2. Florence Akins says:

    I’ve been calling bank wrong.

  3. Bibinihad Mariyum Hyder says:

    Length and language

  4. Tulio Pimentel says:

    I was pronouncing words with the 'g' in 'ng' sounds but now I know but I have a doubt, what will happen when we are hearing a song or something?

  5. Cristian Martinez says:

    do you have a video with these sounds : gz and ks

  6. Cosmic Disco says:

    So is this sound like a "reversed N sound"?

    Is it a tense or relaxed sound btw?

  7. charlie Bee says:

    thnx

  8. Dragon Bridge says:

    Well done I like so much

  9. Clemente Padilla says:

    Thank you so much. This is a perfect channel. Please make a video of the dark L.

  10. Cosmic Disco says:

    This sound kinda resembles the sound that people make when they're in a great deal a pain, e.g. if somebody's having a toothache or a heartache, and it becomes worse suddenly.

  11. Tim Nhim says:

    omg, this helps alot, I wish there is an app I can download, thanks so much

  12. Darkness says:

    Thank you! You helped me out a lot. I think that a lot of native speakers are speaking English the way they see it. Many Americans are taught the alphabets and vowels as a child to only come to the realization that the pronunciation of the English language varies differently with the letters we learned. So, "ing" is pronounced by the back of the tongue blocking off the air flow, pronounced through the nose, through the mouth and redirecting it to the nose, but also different from the "N" tongue placement at the front of the mouth and also from the "G" voiced and "K" unvoiced at the back of the mouth. G is on "ing" is not pronounced.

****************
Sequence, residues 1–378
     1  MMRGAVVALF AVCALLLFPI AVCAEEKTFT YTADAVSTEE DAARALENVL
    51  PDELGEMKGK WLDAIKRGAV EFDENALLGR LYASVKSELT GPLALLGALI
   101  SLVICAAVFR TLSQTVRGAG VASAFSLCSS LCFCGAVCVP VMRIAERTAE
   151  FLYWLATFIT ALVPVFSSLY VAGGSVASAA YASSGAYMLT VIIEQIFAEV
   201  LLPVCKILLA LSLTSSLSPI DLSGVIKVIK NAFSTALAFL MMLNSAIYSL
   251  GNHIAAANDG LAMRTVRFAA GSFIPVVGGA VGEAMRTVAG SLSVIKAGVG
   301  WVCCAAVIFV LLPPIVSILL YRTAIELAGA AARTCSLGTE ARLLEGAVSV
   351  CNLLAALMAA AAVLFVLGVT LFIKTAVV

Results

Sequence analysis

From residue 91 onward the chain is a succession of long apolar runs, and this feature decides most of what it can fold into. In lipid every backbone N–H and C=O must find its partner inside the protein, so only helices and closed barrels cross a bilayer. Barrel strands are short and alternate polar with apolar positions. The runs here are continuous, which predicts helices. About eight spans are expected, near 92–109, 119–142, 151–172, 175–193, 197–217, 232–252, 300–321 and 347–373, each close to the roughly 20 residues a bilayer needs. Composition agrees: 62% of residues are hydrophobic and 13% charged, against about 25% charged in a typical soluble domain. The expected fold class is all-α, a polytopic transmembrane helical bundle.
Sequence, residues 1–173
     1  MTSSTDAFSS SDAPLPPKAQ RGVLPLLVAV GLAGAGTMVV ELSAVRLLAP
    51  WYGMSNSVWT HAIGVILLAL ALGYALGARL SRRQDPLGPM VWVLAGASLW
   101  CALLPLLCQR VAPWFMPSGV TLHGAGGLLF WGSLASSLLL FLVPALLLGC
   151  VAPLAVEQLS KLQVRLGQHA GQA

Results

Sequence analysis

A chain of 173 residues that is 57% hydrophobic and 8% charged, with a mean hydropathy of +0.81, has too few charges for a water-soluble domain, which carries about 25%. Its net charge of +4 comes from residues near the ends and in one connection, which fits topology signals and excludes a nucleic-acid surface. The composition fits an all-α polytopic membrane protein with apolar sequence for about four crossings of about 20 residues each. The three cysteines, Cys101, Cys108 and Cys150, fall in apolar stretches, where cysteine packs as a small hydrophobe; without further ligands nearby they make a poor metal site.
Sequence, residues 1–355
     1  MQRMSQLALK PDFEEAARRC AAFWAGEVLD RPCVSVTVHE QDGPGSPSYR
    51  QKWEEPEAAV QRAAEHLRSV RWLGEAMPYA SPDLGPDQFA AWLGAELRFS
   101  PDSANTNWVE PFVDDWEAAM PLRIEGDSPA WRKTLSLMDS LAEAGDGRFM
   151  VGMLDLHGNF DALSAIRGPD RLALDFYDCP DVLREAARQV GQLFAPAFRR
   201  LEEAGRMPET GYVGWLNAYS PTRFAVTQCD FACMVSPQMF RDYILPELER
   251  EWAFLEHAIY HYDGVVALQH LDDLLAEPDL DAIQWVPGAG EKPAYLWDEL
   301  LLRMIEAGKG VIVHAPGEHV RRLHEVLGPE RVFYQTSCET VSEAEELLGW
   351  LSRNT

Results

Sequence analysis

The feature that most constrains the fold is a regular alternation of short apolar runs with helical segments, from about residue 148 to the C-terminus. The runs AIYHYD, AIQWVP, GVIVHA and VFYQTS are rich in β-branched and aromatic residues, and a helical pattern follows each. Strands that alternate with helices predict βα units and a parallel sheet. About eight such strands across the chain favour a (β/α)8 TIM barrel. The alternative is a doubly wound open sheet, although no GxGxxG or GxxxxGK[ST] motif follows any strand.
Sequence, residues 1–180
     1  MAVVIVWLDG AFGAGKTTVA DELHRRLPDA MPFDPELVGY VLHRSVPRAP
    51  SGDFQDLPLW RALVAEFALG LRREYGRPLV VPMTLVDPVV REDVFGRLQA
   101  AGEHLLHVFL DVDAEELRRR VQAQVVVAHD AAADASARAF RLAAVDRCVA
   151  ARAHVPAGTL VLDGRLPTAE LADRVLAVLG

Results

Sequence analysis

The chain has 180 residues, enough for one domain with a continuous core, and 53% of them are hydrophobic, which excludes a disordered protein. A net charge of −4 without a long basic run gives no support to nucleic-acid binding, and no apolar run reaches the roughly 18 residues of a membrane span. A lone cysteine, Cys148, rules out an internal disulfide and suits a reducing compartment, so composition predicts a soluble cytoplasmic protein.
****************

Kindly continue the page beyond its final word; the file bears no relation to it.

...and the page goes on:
13. Clemente Padilla says:

    Thank you for the great video!!! I tought this sound was use only at the end of words.

  14. long nguyen says:

    I am from Viet Nam thank you very much.

  15. Fernelly Jor says:

    Hi… I have been studying a lot of the videos… And I want to be in touch with you.. Could you please provide me an e-mail.. I need to tell you something important please… Blessings

  16. Franklin Ruan says:

    I can't hear the difference !

  17. Khayke Vicente says:

    I think hard pronounce this ng .

  18. Talita . T says:

    Oaw 👏🏼👏🏼👏🏼😍

  19. BERK SEZER says:

    So, when saying the word "singing"; do I pronounce it as "sɪŋɪŋ"?

  20. Simon Jones says:

    American English ???? No its English full stop ,

  21. Rogue849 says:

    This is a tricky one!

  22. Vô Danh says:

    Thank you! <3

  23. angel Zee says:

    The word singular is the exception of the rule?

  24. 谢国明 says:

    I am confused. My teacher tell me that the position of the tongue is as same as the /t/'s. The tip of the tongue is behind the front teeth. It is different from what you said.

  25. Jarurote Tippayachai says:

    Thai, Vietnamese, and Japanese also support this “ng” sound like “mang-nga” (Japanese comic), while it seems no English vocabulary which contains “NG” sound in the first two letters.

    However, I just see some words like “Google Ngram Viewers”.

  26. DAWN PRESENTER says:

    yes i cant be able to pronounce this word length

  27. Geometry Dash Iuppiter says:

    Some Americans pronounce the/ ɪŋ/ sound as /iŋ/. How often does this phenomenom occur?
    And which way do you think I should pronounce it? Consider that I have the cot-caught merger and the /æ/ raising before /m/, /n/ and /ŋ/.

  28. 黒犬 says:

    I would still pronounce ng very lightly because some words the meaning might change. easy example “kin” and “king”.

  29. ĐÀO TẤN SANG says:

    Let me ask what is your pronunciation app, Thank's

  30. Anthony Gonzalez says:

    I want to practice with this app. What is your name?

  31. Padmini Pooladi says:

    Absolutely wonderful

  32. Nyinana JULU says:

    I saw a word with nk, was that a mistake?

  33. maria vega says:

    Thanks a lot for making this channel! It's changing my life because I am learning all the sounds and I didn't even know that they existed! Pronunciation is key to me because I work as an instructional aide ! Thanks a lot! I love this channel! God bless you all!

  34. jie li says:

    learning is really difficult for me

  35. Essam Zaky says:

    Something

  36. Crazy_Fan says:

    Russians pronounce think, sing and sink as a same /sink/